The Ethiopian Dialogue Forum (EDF) expresses its heartfelt condolences to the families of victims of the preventable and inexcusable landslide in Addis Ababa that claimed the lives of at least 72 poor Ethiopian citizens, most of them children and women.
The regime’s declaration of three days of national mourning does not bring back their lives. Nor does it address the fundamental structural development problems in the country, including gross and inequitable distribution of incomes, which characterize the desperate and degrading lives of millions of Ethiopians in urban and rural areas.
These innocent lives were lost because they have nowhere else to live; nowhere else to find food; and nowhere else to find alternative or meaningful employment. In many instances in Addis Ababa and other urban areas, poor families have been forced to abandon their homes to make way for the construction of villas, luxury single family homes for the newly rich, condominiums, skyscrapers, expansion of embassies and other facilities catering to the donor, diplomatic and investment community. Land grab in urban and rural areas has left millions dispossessed, marginalized and poor.
The country’s development model has not offered the requisite industrial employment alternative that would absorb the millions of rural poor who migrate to cities such as Addis Ababa.
The World Bank, UNCTAD and others recognize Ethiopia’s growth while acknowledging the depth and breadth of structural poverty. At least 30 percent of Ethiopia’s 102 million people live in abject poverty. Drought induced famine has become a norm. Ethiopia is “begging” the international community for an additional $1 billion to feed at least 5 million people affected by drought in the Somali regional state.
Last year, the country witnessed widespread unrest, killings and imprisonments of tens of thousands, drought-induced famine affecting millions, a cholera outbreak and continued exodus of its youthful population. These sobering and staggering realities of life on the ground remind us that the development model is detached from the lives of the vast majority of the population it is intended to lift out of a cycle of poverty to which the country is known.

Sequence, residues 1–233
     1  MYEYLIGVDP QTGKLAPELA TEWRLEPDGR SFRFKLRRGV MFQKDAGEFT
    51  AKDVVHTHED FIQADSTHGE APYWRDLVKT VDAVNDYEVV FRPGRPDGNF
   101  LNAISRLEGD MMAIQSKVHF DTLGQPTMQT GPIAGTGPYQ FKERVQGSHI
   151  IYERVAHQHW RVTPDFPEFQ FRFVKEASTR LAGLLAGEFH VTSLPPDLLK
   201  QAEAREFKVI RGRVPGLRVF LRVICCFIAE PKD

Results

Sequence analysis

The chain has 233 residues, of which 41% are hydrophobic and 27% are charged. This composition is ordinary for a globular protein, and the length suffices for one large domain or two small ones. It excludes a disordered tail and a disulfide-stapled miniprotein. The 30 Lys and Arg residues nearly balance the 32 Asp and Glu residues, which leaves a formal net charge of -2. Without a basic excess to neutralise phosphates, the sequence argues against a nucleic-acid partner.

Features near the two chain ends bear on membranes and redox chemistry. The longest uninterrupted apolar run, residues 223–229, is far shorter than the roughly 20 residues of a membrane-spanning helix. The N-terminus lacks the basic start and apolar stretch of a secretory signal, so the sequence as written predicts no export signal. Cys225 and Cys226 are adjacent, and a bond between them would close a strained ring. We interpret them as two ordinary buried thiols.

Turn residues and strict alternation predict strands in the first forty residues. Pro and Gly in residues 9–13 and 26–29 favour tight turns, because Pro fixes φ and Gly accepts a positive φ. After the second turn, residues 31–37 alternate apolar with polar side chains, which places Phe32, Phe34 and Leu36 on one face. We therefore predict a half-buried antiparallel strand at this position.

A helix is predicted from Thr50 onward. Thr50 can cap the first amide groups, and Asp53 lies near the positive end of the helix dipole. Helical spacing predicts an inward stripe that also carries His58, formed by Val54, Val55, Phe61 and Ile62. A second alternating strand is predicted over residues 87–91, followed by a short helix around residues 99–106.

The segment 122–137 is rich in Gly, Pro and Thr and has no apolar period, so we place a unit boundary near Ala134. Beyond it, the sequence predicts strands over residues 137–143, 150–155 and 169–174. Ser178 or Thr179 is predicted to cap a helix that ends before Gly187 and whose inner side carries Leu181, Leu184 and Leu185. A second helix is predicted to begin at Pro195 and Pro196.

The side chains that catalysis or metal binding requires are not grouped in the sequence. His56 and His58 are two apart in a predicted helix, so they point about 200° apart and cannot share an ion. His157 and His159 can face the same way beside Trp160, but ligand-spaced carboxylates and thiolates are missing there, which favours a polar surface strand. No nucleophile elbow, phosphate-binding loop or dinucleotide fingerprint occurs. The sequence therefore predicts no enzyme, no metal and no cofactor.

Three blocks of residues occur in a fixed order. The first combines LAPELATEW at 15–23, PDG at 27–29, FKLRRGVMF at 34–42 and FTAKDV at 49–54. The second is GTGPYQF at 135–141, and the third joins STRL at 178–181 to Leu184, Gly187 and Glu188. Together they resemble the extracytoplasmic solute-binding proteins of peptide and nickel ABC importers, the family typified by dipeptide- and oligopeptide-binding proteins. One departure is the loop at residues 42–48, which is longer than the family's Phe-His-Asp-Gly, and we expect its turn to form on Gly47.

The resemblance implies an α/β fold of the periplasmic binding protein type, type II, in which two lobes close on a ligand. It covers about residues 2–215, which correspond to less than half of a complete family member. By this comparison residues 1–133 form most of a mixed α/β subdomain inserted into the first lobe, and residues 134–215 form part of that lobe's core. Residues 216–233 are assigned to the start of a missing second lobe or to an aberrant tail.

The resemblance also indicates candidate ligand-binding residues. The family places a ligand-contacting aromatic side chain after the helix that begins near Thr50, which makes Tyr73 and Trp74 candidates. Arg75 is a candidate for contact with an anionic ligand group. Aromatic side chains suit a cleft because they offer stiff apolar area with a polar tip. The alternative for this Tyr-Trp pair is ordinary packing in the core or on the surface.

The glass and metal skyscrapers, the lavish and outlandish villas of the rich, the condominiums for the middle class including the Diaspora, the ultra-modern satellite suburban neighborhoods and gated communities with security facilities etc. do not mask the reality that millions of Ethiopians, including hundreds of thousands in Addis Ababa and other cities comb through the trash, scrap out and eat the left over from those who are lucky enough to eat three meals a day, competing often with birds and other animals.
The tragedy that occurred in Addis Ababa exemplifies growth that has no soul, a development that is top-down and is not based on careful and integrated social, environmental, political planning that will lead to sustainability and resiliency. The landfill called Koshe (dirt and dump) is literally a mountain of hazardous filth where thousands of children, old women and men are forced to live and scrap foods. Rural immigrants join those who survive in this unhealthy environment because there are no other options for them. Injuries, sicknesses and deaths are too common and have been normalized by the regime.
EDF believes this tragedy should have and could have been prevented had the Federal and municipal governments made the effort to create alternative employment opportunities for the poor; relocated those who live at or around the site to affordable homes with better sanitation, safe drinking water and other amenities; and not forced long-time residents to vacate their homes to make way for the newly rich and for industrial parks where residents cannot even work.
The government of Ethiopia is totally and exclusively accountable for this preventable disaster. It must compensate the families of those killed; and offer others a viable and humane option that frees them from dependency on trash dumpsters to survive.
Long Live Ethiopia